BONUS TIP: Mobile is not its own channel and should not be treated as such—all of your content and your website should be mobile-friendly.

Multichannel Marketing and Brand Awareness

When your goal is to build brand recognition, focus on ungated content. Buyers in the awareness stage are just starting their search and thus are more hesitant to hand over their information. As you provide more and more useful information across multiple channels, you’ll build their trust, help move them along the buyer’s journey and make them feel more confident about giving you their email address.

Each time you create new content, you can repurpose small sections into more general ungated content pieces such as infographics and SlideShares, which can be promoted via email campaigns, social media updates and blog posts. This broader content can be used as a sort of teaser to garner interest in a gated download.

Content Marketing Pyramid


Leveraging Multiple Types of Content

Episodic content—or content that has been divided into a series of multiple parts—is perfect for multichannel marketing. This type of content is presented as more of a narrative with each “chapter” building on the next, urging readers to continue reading. With episodic content and a consistent multichannel marketing strategy, you can encourage repeat engagement with your brand and keep your audience invested.

Here’s an example:

  • You have a two-part blog series on healthcare marketing. Start with promoting the first post on your Facebook page.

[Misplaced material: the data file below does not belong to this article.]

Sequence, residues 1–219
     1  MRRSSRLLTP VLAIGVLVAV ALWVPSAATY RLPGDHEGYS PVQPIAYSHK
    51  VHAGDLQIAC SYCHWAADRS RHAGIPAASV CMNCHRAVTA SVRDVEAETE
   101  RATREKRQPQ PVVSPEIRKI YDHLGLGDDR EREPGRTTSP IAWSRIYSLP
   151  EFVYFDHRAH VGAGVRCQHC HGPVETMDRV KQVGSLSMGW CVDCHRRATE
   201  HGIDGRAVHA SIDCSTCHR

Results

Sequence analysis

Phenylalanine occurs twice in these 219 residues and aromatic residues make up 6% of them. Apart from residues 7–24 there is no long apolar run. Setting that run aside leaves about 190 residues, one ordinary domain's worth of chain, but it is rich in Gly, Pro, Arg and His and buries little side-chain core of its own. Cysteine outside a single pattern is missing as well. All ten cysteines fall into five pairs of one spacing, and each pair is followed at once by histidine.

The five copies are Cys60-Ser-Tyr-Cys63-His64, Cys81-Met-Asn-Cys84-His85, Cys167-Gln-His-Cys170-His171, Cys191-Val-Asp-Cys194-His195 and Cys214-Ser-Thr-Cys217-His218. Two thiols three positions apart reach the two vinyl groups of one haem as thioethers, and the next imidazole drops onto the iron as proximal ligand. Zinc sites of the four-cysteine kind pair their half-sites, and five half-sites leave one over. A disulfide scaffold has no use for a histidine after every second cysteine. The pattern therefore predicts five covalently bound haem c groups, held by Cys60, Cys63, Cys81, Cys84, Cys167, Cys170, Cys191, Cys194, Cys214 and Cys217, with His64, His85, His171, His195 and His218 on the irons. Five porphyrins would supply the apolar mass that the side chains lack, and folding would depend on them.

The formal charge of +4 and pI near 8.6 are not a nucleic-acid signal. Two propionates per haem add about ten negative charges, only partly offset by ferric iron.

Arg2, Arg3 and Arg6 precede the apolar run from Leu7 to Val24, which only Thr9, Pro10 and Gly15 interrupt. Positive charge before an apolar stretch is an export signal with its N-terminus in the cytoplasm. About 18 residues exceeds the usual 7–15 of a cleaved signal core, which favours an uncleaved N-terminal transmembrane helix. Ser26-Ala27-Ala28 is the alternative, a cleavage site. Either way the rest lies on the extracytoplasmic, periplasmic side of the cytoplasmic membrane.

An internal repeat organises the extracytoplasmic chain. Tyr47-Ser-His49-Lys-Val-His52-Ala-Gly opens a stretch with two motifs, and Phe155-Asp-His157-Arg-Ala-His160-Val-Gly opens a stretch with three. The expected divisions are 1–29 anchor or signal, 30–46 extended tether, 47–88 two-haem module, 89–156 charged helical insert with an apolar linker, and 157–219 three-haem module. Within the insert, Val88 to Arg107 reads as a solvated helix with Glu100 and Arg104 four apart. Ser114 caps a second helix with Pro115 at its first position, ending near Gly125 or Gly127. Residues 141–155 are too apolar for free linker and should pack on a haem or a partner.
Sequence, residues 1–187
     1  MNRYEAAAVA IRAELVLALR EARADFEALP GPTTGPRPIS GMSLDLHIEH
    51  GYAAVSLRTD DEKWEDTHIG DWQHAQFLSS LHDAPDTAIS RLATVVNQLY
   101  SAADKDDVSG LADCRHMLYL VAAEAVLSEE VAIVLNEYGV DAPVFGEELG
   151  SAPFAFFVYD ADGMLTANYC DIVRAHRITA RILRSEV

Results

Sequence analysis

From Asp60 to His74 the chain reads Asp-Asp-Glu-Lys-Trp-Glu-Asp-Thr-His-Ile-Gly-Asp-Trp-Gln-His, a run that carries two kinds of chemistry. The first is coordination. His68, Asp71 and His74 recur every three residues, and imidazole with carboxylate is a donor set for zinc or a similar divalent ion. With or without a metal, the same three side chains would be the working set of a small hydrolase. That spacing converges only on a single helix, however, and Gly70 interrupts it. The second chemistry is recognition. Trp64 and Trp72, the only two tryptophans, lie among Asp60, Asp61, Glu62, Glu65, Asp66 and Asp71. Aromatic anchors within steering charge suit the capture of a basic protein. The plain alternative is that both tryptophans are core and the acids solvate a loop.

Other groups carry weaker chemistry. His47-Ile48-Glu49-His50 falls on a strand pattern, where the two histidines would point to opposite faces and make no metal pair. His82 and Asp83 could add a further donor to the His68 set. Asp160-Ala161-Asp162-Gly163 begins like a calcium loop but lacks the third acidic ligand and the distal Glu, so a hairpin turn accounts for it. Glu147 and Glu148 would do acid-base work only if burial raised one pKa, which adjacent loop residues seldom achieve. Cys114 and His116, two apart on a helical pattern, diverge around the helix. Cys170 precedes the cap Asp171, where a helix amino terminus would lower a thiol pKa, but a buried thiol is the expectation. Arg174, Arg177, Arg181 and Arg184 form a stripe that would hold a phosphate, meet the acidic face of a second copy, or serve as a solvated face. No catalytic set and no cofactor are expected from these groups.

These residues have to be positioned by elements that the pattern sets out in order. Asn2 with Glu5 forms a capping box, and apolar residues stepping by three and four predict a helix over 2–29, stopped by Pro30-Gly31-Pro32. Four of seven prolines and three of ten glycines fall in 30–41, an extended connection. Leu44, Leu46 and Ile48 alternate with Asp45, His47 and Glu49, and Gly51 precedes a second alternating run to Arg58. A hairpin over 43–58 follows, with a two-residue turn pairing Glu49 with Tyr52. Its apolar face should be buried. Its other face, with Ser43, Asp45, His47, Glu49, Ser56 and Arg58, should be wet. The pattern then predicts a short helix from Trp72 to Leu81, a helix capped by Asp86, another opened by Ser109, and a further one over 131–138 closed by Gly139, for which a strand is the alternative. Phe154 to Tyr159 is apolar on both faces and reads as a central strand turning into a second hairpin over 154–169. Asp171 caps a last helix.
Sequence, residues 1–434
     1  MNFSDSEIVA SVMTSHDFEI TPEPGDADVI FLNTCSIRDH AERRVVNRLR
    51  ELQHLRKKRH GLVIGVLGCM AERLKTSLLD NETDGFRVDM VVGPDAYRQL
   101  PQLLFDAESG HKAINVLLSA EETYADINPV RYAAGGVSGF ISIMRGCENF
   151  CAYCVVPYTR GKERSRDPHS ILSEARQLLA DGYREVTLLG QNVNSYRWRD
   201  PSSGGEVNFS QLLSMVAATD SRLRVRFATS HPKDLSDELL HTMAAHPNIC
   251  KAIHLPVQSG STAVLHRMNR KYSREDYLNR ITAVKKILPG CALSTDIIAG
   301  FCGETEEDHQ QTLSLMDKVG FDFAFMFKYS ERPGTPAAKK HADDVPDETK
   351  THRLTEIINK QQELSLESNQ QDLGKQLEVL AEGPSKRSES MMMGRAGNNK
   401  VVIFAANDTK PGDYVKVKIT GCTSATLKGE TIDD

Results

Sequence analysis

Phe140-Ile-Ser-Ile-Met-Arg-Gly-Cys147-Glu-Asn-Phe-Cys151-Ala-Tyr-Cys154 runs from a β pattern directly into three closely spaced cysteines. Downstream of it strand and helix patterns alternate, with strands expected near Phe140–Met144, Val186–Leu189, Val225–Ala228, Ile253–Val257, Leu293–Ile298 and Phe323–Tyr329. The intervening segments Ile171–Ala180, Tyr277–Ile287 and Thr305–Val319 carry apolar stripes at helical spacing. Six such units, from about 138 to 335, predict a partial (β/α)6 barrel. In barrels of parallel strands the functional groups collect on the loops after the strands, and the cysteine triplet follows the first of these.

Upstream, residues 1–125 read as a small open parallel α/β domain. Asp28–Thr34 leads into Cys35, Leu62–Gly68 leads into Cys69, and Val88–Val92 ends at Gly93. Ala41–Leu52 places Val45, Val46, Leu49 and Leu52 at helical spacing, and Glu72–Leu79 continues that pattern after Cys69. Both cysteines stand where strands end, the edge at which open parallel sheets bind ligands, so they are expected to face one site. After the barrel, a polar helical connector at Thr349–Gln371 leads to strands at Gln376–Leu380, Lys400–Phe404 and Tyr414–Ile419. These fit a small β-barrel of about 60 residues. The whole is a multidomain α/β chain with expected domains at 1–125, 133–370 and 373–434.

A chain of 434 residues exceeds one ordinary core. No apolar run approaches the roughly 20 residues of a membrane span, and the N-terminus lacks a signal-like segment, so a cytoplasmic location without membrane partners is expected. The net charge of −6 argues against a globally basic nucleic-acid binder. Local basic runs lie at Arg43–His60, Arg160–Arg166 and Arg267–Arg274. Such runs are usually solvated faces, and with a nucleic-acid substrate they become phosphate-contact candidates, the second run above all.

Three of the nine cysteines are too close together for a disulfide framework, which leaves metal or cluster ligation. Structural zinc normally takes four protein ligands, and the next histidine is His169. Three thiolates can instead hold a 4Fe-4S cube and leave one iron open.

• Then, use your CRM to create a list of individuals who visited the blog post and did not immediately bounce. When the second part of the series is available, send an email to that list inviting them to read the next post.
  • Alternatively, you can utilize this list to retarget prospects on the Google Display Network and show them an ad for the second part.
  • You can also create a list of the users who visited the blog and did bounce and serve them Google ads with copy highlighting a different value of the first post or a callback to re-engage these prospects.
  • The important thing here is to make sure your lists are properly segmented. You don’t want to retarget non-bouncers with ads for a blog post they’ve already read.

Another option is user-generated content. Rather than capitalizing only on content you’ve created, take advantage of user-generated content.

The objective is to benefit from the work you’ve already put into creating an established customer base. Your existing customers can be the best marketers for your brand; give them a place where they can interact with both you and your prospects—for instance, social media.